My comment is short and to the point. The years of education being controlled by the NEA has not produced quality education in America. In fact since Schools became unionized, quality of education across the board has dropped American Schools to the bottom of the pile in the World Educational compilations..Once American schools were envied for their quality but now every day I read or hear on the news, that there seems to be a total insanity operating, i.e. some school just banned any contact sport with balls and this crap has been creeping in and I guess they want zombies to marching to the NEA music which has caused American Education to plummet to the bottom. The only way education will begin to improve is to kick out the destructive NEA. Today 50% of Americans are illiterate, 50% truancy across America in schools, chaos and fighting that requires cops on the premises. Marxist and Muslim agendas being presented to kids and anything patriotic or doing with prayer being eliminated so it is becoming clear, radical teachers under the guise of NEA need to go..Schools did not start the dramatic decline until NEA was voted in and important goal was the teacher not the students and their insidious Socialism agenda has been smeared all our schools and children. Get the Teacher’s Unions out!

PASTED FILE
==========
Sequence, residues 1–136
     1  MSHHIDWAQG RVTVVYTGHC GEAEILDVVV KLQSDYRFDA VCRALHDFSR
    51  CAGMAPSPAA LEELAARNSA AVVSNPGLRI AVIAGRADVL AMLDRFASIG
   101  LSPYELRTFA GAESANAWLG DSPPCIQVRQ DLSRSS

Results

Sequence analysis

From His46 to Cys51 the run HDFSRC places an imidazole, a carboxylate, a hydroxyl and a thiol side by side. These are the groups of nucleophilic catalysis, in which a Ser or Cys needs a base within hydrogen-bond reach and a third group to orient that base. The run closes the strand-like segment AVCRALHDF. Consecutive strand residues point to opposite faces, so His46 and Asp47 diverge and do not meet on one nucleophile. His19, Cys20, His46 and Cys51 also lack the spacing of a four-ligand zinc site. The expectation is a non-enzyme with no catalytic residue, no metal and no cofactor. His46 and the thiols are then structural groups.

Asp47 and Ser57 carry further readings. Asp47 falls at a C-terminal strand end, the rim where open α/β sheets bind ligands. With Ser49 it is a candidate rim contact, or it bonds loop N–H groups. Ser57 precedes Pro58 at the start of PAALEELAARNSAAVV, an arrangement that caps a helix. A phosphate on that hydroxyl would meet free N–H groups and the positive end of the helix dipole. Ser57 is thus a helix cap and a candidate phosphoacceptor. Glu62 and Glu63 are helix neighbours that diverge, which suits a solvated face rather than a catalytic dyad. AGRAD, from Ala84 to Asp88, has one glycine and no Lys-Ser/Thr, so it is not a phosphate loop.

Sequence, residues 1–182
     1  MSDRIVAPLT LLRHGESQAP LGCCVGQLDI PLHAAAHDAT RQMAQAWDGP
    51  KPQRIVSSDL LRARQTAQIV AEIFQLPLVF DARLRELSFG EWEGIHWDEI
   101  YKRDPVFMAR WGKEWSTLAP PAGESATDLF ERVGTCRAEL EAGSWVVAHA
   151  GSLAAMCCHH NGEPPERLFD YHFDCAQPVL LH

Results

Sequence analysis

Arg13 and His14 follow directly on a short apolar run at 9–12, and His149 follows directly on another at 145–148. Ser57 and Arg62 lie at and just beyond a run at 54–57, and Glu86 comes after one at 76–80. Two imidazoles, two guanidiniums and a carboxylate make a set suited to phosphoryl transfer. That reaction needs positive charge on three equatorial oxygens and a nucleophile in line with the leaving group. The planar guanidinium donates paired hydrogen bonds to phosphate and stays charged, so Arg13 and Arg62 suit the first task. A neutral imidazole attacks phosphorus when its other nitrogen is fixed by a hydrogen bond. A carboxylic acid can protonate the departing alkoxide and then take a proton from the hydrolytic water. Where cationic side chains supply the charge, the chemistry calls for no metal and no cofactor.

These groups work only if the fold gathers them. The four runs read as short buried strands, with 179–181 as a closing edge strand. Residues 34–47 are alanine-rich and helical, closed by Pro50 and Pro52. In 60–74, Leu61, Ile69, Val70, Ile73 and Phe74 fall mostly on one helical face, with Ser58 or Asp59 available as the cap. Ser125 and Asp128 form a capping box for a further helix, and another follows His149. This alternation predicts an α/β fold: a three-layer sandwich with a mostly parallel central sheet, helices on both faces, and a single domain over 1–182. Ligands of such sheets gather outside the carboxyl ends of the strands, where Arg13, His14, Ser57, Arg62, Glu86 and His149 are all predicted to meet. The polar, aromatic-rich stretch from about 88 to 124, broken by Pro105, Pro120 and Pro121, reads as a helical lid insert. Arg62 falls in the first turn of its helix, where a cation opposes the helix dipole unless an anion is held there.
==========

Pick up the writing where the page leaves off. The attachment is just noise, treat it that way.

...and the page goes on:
Reply
  2. Diane

    I was actually laughing as I read this article – and there’s nothing funny about it. Two things stand out:

    1. $$$$$ – since there isn’t any ESEA’s most basic premise is already doomed to fail.

    2. Today’s educators struggle greatly to keep up with the demands of every new federal mandate that is dumped on them. In my opinion, this alone is having a negative impact on education in the classroom. For example, interventions that are NCLB-based are now woven into the curriculum and extended services. These don’t just disappear when ESEA takes over. Teachers know their work load is about to increase, yet again.